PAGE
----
Fascination with the Wallenda high wire walk
I’m not sure why I am fascinated with the recent high wire walk by Nik Wallenda. For some reason, the whole event has been quite mesmerizing for me. The image of Wallenda balancing himself against the backdrop of the raging rapids has been quite majestic and even poetic.
Could it be my ancestry connection with Niagara Falls?
I have family ties on both sides of the border, dating as far back as before the American Revolution. I am still in the process of piecing together this history which consists of a hodgepodge of immigrants, patriots, and even loyalists. I have several “great” grandparents buried at the infamous Oakwood Cemetery which also contains the sites of several of the stunt masters from the olden days including Annie Edson Taylor, Francis Abbot, Carlisle Graham, Maud Willard, and the three Whitney sisters. There are also graves of those unidentified souls who experienced tragedies and mishaps over The Falls. At times all that was ever found was a body part or a tattered piece of clothing.
I have mentioned in earlier blogs that my immigrant ancestors who settled in Niagara Falls at the turn of the century came from Mignano and Gimigliano, Italy. I discovered that they first lived in an impoverished area which was once referred to as “Tunnel Town” as Italians skilled in masonry were recruited to dig and construct the existing power plant. My great grandfather Francesco Salvatore had first made barrels (I don’t know if any of them were used for stunts!) and actually ended up as a flagman for the railroad. My great uncle Frank Fabiano, a shoemaker, and his son Joseph, ran a store downtown on Niagara Street for many years. The Fabianos once won first place in the 1950 Shoe Service Institution national competition in Chicago. I even ran across an old article of the Fabianos witnessing someone trying to jump into The Falls.
Another imprint is that of Dewey Jeffords, the brother of my great grandmother, Edith Jeffords Lane, who inscribed his name on the boards inside of Old Fort Niagara in Youngstown, NY at the time of a restoration in 1929. My Dad likes to tell of his high school days when he gave tours at the Fort. Just about every kid who has lived in Niagara County knows the story of the ghost of the guy who got thrown down the well without his head. I don’t know which was a more dominating source of nightmares—the headless man at the Fort, or the fear of falling into Devil’s Hole whirlpool in the Niagara River.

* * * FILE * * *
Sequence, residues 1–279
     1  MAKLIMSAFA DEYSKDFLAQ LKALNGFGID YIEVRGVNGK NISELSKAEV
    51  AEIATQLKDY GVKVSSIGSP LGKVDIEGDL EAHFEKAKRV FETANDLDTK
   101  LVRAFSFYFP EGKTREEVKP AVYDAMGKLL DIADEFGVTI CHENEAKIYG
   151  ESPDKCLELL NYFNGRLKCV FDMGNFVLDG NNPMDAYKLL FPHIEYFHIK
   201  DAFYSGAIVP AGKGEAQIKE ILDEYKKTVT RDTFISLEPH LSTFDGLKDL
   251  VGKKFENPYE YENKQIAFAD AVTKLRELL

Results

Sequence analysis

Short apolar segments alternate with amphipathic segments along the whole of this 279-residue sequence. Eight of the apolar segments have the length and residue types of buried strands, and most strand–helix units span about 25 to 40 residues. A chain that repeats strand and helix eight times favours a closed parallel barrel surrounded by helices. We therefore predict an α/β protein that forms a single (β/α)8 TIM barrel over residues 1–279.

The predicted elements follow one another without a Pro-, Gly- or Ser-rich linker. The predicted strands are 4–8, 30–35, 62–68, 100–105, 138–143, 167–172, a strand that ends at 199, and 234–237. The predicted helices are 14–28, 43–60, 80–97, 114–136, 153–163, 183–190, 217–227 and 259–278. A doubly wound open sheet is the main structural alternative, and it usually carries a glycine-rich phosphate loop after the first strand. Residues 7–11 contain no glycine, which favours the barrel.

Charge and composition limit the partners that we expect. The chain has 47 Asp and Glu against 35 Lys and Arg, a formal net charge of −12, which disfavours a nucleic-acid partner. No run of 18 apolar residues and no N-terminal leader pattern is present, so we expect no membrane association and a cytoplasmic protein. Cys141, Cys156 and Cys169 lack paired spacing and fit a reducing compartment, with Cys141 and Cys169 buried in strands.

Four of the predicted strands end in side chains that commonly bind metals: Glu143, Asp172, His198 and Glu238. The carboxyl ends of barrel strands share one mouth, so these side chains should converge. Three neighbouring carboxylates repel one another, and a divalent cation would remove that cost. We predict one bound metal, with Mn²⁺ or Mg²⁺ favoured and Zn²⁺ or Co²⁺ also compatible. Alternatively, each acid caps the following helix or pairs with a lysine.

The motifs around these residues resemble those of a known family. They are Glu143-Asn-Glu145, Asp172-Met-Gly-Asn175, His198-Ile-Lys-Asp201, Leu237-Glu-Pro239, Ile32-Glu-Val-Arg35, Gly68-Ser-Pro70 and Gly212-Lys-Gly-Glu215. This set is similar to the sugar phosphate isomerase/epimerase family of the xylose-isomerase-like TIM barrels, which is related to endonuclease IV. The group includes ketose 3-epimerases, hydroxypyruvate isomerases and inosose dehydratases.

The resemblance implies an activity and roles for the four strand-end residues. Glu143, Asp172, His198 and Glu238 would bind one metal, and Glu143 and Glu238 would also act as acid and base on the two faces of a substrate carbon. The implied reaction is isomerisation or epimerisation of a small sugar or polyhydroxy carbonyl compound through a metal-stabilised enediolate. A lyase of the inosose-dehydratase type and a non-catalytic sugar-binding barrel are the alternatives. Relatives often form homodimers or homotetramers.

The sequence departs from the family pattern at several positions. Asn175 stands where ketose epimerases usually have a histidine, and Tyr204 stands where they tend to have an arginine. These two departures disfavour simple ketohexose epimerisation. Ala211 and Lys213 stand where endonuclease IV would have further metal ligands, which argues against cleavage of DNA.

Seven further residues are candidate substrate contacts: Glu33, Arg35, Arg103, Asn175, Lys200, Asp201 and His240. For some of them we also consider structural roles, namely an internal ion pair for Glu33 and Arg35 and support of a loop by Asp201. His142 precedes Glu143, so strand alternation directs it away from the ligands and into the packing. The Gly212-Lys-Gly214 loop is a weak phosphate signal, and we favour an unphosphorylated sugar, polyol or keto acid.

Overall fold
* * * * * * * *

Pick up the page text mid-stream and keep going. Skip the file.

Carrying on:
These days my nephews work for the Maid of the Mist boat tours, my sister in the hotel industry, and my cousin’s husband and sons dressed up as characters for the Oakwood Cemetery tours.There is a certain degree of nostalgia as I now live several states away from all of the excitement.
Glued to the broadcast
So it is not a wonder that I ended up glued to the television broadcast of daredevil Nik Wallenda as he performed his recent June 15 high wire stunt across Niagara Falls.
But I was also taken in my something else: His faith through the darkness and stormy water.
Before his walk across the gorge, the television network filled viewers in on the potential dangers. We learned about his family history and past tragedy. We were briefed about the distance, the currents, the darkness, the blinding mist, the wet cable, and the changing winds. We were told that the walk downhill was actually the most difficult. The network forced Wallenda to be tethered. I guess they didn’t want a death witnessed on live television. But through it all, Wallenda remained steady, an almost supernatural calm. He did not fall or even stumble –making all question the need for a tether in the first place. When the stinging mist beat against his face, Wallenda called on Jesus and praised God.
We walk by faith and not by sight
This is so much like in our own lives when we find ourselves balancing through darkness, storms, and winds raging in all different directions. This Sunday’s New Testament reading states: “we walk by faith and not by sight” (2 Cor. 5:7). Nik was blinded by the night and the roaring river mist. Not only did he perform a physical walk for us, but he also demonstrated a spiritual one, slowly placing one foot in front of the other as he called upon the name of God. His tether was like those of us who are grounded in our faith. It’s not a pretty sight if we should fall. We might even dangle there humiliated and in an undignified way. But at least with a tether, we are saved from death.
Nik Wallenda walked down a wire into the raging pit, but he emerged from the storm victorious. He used all of his strength to keep his balance but ultimately relied on God for help.
To me, this is what being a hero is all about.